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# why does this bit of code work?

## 8 posts in this topic

Hey guys,

I ran into something that has me puzzled....why does if(ch1 > 'Z') ch1 -= ' '; work?

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Because char is interchangeable with integer. They have slightly different properties in most languages, but a char and int are essentially just variables of different length.

One thing that puzzles me though - I may be wrong here, but I assume '' will equate to the (nul) character, which has a value of 0? Edit: didn't see the space in there!

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I assume it's supposed to convert lower case chars into upper case chars?

ASCII value for a space (' ') is 32. Integer representations of lower case chars are 32 higher than those of their equivalent upper case chars. So if you subtract 32 from a lower case char it will become an upper case char.

Example: A = 65, a = 97

'a' - ' ' = 'A'

97 - 32 = 65

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yes it converts lower case to upper case, that much I do know, but wasn't sure how or why it worked

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So in it's basic form, the alphabet is represented by a computer as a list of numbers called ASCII (see here). So the char data type which represents a character of the alphabet (as well as punctuation and various other types of "symbol") is actually just a number between 0 and 255.

While this is convenient for a computer to interpret, it also allows for some weird coding like what you've demonstrated. As C?i correctly pointed out, the space character is actually represented by the number 32 (see the link I posted earlier), so in the code you posted, you're converting a lower case character to it's upper case equivalent (the ASCII numbers for upper case letters are all 32 lower than their lower case alternatives. (A = 65, a = 97; 97 - 65 = 32).

It's worth bearing in mind that while this is possible, it's not recommended as it's confusing to read ('a' minus space is 'A'? What the heck?), so try to avoid this code if possible. It's always better to be obvious in your intentions when writing code, as it makes your code easier to read and maintain at a later date. :)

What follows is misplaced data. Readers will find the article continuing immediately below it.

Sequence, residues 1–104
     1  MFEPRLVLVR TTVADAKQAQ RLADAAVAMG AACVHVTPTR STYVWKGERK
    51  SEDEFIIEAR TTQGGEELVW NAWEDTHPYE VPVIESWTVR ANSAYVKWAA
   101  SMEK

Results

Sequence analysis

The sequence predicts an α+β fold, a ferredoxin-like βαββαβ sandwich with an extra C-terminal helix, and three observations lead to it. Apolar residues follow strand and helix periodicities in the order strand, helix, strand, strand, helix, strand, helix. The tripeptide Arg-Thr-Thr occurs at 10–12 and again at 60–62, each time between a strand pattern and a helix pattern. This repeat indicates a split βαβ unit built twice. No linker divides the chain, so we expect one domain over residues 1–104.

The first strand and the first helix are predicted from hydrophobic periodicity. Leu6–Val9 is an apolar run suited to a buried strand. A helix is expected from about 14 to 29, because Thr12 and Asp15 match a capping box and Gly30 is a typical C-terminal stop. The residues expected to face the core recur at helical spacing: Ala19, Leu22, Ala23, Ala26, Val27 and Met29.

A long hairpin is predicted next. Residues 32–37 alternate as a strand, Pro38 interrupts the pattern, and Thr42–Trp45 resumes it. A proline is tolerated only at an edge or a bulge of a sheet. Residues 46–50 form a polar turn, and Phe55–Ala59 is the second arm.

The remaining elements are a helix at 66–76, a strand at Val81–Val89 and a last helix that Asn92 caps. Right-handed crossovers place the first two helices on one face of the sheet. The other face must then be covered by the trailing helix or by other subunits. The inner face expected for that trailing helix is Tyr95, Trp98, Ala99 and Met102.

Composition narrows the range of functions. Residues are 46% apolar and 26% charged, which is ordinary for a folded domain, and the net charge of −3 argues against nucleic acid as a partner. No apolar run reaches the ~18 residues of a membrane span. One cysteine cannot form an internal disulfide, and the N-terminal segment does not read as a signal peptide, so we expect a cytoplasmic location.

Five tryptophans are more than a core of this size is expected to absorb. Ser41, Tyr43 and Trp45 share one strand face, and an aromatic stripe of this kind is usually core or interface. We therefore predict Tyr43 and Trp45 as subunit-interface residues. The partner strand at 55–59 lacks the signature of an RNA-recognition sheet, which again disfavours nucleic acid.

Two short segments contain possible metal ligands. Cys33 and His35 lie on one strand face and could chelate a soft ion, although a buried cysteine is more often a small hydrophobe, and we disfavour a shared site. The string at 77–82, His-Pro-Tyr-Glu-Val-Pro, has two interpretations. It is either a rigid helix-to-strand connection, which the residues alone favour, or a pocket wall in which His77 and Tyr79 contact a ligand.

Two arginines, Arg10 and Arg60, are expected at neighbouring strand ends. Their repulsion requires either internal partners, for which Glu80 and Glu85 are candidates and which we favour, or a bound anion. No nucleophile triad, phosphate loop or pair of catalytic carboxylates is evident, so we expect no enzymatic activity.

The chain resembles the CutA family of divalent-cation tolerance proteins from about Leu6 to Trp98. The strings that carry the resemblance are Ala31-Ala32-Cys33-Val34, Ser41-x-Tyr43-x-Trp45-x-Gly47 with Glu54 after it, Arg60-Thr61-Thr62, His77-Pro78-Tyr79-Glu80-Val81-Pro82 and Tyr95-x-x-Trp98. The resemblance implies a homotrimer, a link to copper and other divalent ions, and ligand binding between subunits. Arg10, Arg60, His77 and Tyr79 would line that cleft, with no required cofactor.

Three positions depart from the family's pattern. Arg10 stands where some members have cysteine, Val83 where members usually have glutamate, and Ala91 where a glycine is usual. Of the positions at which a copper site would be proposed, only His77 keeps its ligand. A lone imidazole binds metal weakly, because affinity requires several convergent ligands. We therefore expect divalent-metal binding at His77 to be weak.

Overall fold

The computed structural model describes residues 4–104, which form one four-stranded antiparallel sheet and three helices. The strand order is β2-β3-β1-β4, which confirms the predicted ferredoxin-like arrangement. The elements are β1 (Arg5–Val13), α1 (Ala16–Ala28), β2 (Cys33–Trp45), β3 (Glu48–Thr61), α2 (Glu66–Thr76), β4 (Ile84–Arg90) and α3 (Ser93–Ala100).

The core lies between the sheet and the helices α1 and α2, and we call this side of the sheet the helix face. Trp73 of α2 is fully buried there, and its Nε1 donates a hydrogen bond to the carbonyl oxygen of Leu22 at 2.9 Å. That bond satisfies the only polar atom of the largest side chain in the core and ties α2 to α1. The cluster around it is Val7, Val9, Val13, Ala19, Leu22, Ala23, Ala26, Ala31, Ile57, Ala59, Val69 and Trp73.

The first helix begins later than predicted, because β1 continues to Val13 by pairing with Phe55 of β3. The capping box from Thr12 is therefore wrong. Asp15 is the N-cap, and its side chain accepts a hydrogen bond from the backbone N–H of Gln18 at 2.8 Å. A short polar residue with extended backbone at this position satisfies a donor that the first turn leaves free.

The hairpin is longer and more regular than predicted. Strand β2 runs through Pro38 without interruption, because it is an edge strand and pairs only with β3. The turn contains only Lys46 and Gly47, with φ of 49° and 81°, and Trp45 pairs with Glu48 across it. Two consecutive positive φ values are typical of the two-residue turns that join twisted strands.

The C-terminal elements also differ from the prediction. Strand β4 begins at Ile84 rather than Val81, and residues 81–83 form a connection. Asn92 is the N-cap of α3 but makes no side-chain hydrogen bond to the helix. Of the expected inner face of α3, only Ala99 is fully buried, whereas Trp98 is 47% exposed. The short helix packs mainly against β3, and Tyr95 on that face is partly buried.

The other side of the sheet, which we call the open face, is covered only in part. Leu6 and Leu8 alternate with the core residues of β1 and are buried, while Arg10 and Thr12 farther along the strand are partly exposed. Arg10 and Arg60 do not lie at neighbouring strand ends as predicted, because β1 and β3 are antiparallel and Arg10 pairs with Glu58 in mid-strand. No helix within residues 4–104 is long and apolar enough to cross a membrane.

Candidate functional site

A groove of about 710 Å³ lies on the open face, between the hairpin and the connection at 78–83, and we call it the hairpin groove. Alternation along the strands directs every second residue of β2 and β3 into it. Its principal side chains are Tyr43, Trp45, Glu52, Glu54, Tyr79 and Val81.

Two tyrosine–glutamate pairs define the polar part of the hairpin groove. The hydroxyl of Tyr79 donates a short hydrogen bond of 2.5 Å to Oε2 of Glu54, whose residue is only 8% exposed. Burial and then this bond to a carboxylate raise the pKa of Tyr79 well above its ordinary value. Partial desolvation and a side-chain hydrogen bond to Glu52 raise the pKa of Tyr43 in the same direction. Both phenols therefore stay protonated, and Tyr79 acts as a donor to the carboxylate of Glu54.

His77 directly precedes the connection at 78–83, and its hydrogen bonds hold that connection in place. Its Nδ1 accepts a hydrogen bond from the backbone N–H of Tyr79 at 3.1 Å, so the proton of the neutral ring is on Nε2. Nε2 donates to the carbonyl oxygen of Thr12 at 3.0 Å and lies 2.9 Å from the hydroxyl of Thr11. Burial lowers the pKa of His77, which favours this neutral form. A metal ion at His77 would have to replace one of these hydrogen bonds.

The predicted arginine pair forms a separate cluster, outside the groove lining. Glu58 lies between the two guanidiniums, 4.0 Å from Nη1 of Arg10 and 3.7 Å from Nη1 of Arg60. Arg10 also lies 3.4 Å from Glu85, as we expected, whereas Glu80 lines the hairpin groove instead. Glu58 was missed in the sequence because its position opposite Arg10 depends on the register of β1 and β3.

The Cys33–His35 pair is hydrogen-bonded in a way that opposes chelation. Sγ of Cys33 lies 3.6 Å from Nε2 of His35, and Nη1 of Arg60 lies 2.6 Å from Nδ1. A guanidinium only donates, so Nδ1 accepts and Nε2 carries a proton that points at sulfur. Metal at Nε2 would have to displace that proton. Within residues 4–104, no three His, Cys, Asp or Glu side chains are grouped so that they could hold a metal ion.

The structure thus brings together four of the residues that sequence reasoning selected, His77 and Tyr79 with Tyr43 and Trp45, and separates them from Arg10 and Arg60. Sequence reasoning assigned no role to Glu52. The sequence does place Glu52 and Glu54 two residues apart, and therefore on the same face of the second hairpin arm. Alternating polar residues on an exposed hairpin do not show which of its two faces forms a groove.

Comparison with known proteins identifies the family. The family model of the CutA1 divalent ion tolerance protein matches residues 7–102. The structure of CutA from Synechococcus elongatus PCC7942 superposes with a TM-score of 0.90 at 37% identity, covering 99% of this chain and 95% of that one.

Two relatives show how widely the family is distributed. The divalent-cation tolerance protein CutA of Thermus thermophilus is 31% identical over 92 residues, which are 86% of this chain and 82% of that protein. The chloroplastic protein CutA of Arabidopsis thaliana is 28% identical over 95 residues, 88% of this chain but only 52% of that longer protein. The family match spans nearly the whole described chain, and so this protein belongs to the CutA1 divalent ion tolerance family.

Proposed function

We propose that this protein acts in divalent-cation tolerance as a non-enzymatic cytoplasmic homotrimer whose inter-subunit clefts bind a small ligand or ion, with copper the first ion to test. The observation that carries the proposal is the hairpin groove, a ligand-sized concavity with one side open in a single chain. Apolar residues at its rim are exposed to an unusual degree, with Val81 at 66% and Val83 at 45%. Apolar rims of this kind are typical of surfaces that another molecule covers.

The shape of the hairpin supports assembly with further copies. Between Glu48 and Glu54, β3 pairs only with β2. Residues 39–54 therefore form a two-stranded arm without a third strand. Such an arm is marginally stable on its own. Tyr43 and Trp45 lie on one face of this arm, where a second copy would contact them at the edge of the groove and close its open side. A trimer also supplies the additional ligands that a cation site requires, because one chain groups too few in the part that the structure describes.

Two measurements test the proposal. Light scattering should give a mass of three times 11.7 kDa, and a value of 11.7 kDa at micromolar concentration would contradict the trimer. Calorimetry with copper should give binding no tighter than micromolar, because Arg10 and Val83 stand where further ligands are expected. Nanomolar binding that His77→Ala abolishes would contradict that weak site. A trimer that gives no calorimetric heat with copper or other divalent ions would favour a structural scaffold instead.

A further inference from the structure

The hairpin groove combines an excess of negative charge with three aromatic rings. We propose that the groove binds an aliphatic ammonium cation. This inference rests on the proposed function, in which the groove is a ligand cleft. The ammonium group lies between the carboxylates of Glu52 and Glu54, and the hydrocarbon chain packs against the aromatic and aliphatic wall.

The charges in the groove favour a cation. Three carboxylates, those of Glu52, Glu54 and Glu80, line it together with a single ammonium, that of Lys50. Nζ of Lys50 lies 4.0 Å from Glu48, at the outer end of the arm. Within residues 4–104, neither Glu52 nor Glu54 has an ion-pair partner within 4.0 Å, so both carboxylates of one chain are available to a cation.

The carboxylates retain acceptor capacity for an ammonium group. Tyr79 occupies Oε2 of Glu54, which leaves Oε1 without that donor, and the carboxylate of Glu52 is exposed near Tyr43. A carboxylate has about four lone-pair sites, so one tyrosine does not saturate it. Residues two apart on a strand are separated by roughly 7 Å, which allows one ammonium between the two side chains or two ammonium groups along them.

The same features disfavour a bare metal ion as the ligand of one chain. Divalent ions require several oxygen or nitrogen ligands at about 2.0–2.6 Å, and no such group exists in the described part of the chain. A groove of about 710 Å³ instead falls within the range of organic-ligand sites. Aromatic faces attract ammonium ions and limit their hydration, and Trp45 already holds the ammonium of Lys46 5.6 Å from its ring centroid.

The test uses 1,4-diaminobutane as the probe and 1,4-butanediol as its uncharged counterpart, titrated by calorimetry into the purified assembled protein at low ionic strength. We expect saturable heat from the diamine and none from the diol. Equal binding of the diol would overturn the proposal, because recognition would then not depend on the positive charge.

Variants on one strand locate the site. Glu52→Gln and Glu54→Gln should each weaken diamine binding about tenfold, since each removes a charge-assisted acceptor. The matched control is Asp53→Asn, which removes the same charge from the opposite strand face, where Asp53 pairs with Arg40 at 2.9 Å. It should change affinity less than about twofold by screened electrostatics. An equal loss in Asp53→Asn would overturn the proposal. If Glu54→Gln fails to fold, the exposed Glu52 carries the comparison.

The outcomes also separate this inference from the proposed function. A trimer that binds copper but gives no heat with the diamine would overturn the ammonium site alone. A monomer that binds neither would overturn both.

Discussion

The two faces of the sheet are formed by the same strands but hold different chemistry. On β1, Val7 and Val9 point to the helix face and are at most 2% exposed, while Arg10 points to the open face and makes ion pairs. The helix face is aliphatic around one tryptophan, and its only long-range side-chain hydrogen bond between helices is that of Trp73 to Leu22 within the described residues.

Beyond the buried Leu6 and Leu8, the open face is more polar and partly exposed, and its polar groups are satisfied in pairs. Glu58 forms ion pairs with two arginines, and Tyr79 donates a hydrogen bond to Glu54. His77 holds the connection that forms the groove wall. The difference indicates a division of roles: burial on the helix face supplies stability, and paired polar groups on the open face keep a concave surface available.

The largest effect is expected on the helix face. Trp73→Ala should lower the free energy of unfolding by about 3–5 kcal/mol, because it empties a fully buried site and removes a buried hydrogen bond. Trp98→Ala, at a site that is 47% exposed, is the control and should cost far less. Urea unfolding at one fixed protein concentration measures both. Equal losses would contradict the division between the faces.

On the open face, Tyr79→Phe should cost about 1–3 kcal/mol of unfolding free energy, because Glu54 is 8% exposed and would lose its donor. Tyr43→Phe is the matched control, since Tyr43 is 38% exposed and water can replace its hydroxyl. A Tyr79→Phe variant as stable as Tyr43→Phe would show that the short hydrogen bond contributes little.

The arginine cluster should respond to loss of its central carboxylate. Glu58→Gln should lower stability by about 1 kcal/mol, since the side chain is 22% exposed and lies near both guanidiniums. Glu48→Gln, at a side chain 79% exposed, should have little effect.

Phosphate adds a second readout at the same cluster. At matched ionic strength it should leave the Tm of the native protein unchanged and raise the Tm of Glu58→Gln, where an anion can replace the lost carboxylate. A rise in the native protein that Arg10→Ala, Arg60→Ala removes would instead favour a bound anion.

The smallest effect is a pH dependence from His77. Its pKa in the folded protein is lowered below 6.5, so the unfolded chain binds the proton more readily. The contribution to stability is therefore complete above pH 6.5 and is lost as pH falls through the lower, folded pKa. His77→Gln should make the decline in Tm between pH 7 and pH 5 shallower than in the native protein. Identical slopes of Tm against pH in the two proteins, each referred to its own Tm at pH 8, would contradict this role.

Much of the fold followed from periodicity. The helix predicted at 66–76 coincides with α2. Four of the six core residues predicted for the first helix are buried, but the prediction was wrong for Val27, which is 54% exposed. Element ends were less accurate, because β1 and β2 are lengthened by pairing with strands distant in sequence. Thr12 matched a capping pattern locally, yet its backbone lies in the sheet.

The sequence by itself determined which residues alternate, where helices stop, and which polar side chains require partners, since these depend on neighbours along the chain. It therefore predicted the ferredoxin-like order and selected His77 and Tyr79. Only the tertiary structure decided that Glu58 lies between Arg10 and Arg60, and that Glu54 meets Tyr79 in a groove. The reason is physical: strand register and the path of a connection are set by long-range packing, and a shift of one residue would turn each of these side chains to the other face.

Appendix 1

ASCII is just one way of encoding characters, and its also very limited. For more advanced computer programs, Unicode is often preferable as it provides the ability to represent almost and character in any language (Chinese, Japanese, Greek, Arabic, etc), whereas ASCII cannot do this. Since you're a relative beginner though, there's no need to worry about this. Encoding strings is almost a science in its own right.

Appendix 2

As another weirdness, you can also do this:

```unsigned int neow = 'NEOW';
unsigned int in = 'IN';

printf("neowin = %d", neow + in); // "neowin = 1313192133"
```
Since each character in "NEOW" and "IN" represents a single byte, 4 together represent a 4 byte integer, and therefore you can populate numbers using strings! I must insist however that you NEVER, EVER, use this code, since it's absolutely the worst code in the world.
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Thank you for your explanations!  Makes perfect sense now lol.

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So in it's basic form, the alphabet is represented by a computer as a list of numbers called ASCII (see here).

Good old asciitable.com

I used to have that image printed out and stuck on the wall next to my monitor. It's like the multiplication table, FOR GROWNUPS!

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It's the same as doing

'1' - '0' = 1

Converting any char (that is a number (0-9)) into an integer is as easy as subtracting the '0' char.

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